Room with a view: the Forth Rail Bridge in the background © Getty
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Painting the Forth Rail Bridge, just outside Edinburgh, was traditionally the job that never came to an end.

Since its completion in 1890, the red coat on the 1.5 mile-long crossing has been reapplied many times to protect the steel of its cantilever structure from a highly corrosive mix of salt water, sea mists and high winds.

The Sisyphean undertaking even coined a local expression for any never-ending task being “like painting the Forth Bridge”.

But that idiom was put to rest in 2011, as the scaffolding that had surrounded the three enormous diamond-shaped spans for a decade was finally taken down.

A £130m investment by the bridge’s owner, Network Rail, should mean that no brush strokes will be needed for at least another 20 years.

This was thanks to a specialist coating treatment, consisting of a triple layer of new “glass flake” epoxy paint, made by Leighs Paints of Bolton, Greater Manchester. The formula creates a chemical bond that keeps moisture out, providing a virtually impenetrable layer that protects the bridge’s steelwork from the Scottish weather.

Leighs Paints now trades as the UK-based protective and marine coatings division of Sherwin-Williams, after being taken over by the world’s third-largest manufacturer of coatings five years ago. This brought the 150-year-old business under the wing of a Fortune 500 group with a history of similar vintage and annual sales of more than $11bn.

Under its new guise, the division, which employs 230 people in the UK, continues its focus on safeguarding critical infrastructure in harsh environments. It is a winner in the innovation category in this year’s awards for another industrial coating similar to that used on the Forth Rail Bridge.

The Dura-Plate 301W epoxy product is designed to prevent corrosion on steel structures in industrial installations such as offshore oil and gas rigs, refineries and petrochemical plants, as well as on bridges and other infrastructure.

At a time when energy companies are cutting costs in response to low oil prices, Sherwin-Williams says it can create savings by reducing the time needed for applying protective coatings on industrial installations.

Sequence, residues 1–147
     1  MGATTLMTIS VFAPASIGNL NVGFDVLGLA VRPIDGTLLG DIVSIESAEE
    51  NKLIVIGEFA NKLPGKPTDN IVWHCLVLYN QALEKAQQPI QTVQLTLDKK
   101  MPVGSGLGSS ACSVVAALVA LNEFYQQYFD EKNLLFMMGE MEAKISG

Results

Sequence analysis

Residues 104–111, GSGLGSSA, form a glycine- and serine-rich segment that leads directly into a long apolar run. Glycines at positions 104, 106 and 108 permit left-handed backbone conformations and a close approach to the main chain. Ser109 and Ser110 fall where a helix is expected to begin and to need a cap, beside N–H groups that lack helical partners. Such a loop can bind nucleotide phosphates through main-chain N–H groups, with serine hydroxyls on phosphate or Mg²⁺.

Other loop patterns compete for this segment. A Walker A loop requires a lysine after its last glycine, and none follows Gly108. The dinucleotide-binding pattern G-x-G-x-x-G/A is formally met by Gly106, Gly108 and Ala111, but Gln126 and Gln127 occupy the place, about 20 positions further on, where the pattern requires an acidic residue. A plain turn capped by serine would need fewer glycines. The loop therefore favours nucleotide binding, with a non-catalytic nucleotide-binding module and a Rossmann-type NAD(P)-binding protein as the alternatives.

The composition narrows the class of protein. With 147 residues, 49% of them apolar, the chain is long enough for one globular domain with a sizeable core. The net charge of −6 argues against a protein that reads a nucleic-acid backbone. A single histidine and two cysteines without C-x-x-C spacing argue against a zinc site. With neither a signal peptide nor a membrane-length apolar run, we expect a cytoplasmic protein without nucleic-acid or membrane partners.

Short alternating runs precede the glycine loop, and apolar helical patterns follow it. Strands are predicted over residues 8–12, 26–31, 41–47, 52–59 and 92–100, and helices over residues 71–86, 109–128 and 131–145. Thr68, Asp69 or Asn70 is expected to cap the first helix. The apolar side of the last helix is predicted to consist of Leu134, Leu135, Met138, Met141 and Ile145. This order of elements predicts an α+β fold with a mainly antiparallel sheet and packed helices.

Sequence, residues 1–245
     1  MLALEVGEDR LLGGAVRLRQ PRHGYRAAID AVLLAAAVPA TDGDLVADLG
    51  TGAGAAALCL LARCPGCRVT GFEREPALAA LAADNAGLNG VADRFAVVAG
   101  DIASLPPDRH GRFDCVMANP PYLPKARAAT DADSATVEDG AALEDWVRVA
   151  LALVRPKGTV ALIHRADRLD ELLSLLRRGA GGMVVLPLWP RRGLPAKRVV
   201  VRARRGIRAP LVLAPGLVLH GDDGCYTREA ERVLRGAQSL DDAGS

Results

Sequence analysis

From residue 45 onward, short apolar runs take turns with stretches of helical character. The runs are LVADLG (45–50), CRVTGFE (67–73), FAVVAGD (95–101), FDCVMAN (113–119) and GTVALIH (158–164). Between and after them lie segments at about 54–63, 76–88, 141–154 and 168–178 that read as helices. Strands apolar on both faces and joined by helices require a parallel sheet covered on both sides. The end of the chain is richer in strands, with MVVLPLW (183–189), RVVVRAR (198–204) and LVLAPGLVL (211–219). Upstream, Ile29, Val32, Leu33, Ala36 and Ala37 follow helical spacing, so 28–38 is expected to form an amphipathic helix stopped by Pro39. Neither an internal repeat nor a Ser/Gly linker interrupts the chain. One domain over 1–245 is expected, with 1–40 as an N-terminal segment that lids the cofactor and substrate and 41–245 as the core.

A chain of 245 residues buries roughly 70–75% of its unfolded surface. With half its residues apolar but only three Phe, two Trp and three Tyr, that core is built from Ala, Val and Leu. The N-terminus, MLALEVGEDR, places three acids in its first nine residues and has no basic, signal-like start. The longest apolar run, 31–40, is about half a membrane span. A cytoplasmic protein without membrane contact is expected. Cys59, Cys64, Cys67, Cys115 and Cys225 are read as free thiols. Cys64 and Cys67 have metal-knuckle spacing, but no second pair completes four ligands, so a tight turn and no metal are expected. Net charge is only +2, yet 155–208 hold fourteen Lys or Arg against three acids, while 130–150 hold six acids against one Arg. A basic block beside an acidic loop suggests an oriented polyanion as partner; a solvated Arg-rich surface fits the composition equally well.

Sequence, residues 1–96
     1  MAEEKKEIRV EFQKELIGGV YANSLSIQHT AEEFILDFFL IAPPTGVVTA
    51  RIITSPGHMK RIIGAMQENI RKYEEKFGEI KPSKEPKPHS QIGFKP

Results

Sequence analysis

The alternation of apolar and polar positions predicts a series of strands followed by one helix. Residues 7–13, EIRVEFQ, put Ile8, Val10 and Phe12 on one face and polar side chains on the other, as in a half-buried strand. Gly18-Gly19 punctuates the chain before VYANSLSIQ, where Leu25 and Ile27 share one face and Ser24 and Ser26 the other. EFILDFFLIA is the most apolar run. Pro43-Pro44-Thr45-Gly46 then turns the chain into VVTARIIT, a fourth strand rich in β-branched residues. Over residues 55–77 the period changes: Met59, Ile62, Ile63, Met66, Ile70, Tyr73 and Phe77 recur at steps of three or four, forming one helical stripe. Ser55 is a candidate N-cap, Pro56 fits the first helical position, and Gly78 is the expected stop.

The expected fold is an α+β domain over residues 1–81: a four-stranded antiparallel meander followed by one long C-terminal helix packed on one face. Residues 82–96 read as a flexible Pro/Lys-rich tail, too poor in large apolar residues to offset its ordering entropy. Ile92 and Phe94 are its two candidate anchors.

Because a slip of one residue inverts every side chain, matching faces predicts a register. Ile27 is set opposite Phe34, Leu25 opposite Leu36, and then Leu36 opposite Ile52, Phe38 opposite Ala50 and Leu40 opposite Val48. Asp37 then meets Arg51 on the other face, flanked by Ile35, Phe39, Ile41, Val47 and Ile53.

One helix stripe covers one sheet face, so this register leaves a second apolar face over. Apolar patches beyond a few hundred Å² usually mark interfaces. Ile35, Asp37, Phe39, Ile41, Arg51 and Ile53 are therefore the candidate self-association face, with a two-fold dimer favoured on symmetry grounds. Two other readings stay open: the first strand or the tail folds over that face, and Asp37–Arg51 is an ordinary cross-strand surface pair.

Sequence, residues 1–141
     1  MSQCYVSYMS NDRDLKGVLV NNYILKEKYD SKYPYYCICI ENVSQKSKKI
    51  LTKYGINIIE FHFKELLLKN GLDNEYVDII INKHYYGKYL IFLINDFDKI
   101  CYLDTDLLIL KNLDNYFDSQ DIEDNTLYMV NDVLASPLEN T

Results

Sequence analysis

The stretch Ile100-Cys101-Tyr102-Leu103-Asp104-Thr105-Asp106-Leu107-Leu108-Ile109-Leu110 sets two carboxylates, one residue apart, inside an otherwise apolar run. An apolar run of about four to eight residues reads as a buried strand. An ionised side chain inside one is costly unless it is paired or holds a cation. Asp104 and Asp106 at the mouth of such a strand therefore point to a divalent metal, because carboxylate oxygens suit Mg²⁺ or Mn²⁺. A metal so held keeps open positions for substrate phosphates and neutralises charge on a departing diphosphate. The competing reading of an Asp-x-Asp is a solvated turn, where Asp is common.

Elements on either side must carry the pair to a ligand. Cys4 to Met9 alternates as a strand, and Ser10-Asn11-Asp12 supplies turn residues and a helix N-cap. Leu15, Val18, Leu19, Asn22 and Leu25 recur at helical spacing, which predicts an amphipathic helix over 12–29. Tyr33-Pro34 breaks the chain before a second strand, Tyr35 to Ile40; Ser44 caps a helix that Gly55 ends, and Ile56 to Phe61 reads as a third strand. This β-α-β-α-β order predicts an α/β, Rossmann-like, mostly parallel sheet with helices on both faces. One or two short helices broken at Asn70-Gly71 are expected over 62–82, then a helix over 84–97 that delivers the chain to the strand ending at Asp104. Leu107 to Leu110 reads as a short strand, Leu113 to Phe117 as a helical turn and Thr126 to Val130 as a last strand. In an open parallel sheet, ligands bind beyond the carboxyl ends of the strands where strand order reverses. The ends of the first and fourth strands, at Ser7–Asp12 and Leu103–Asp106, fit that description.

What distinguishes Dura-Plate 301W from rival coatings is that it combines surface and humidity tolerance with low temperature curing, according to Nick Ball, regional marketing director for Sherwin-Williams’ protective and marine coatings division.

In practice, this means it can be applied in extreme temperatures and on rough surfaces even when wet. The company says the closest competitor products manage to meet just two out of these three challenges.

The formulation of the coating allows it to be painted over partially prepared rusted surfaces in damp conditions and at cold temperatures, says Mr Ball.

“That in itself removes the need for extensive surface preparation of the steelwork, as it’s a paint for steel,” he adds.

“Traditional coatings don’t always adhere to the steelwork in those extreme conditions. We’ve developed this coating that overcomes that.”

This means that clients can paint in winter periods in conditions that would otherwise be too inhospitable. For operators of oil and gas facilities, lost maintenance time during those cold months could be a problem of the past, Sherwin-Williams says.

Dura-Plate 301W was originally launched to supply shipyards in China that build large offshore vessels that store hydrocarbons before they are transferred to a tanker. But over the past 12 months, Sherwin-Williams has rolled it out to UK and European markets.

One customer is Centrica, the UK energy supplier that powers around 11m homes and businesses through its British Gas brand. It required a new external coating for the condensate pipework and associated valves that service its gasfields in and around Morecambe Bay in north-west England.

Mr Ball says that the product reduced non-productive painting time by around 70 per cent.

Other endorsers include DNV, the American Bureau of Shipping and Lloyd’s Register, which set standards for ships and offshore structures, as well as Network Rail.

Developed by members of a 40-strong research and development team at the company’s manufacturing facility in Bolton, the new coating builds upon an existing product line from a Portuguese business acquired by Sherwin-Williams.

“[The group] is focused on bringing customers product they need for the future. That very much drove the research team in looking at unmet customer needs,” says Mr Ball.

Although most of Sherwin-Williams’ revenues come from North and South America, the company is attempting to increase its specialist business-to-business segment outside the Americas with a focus on regions such as Asia. Products such as Dura-Plate 301W play into this strategy, says Mr Ball.

“We’ve demonstrated rapid sales growth globally [and] we have really high hopes,” says Mr Ball.

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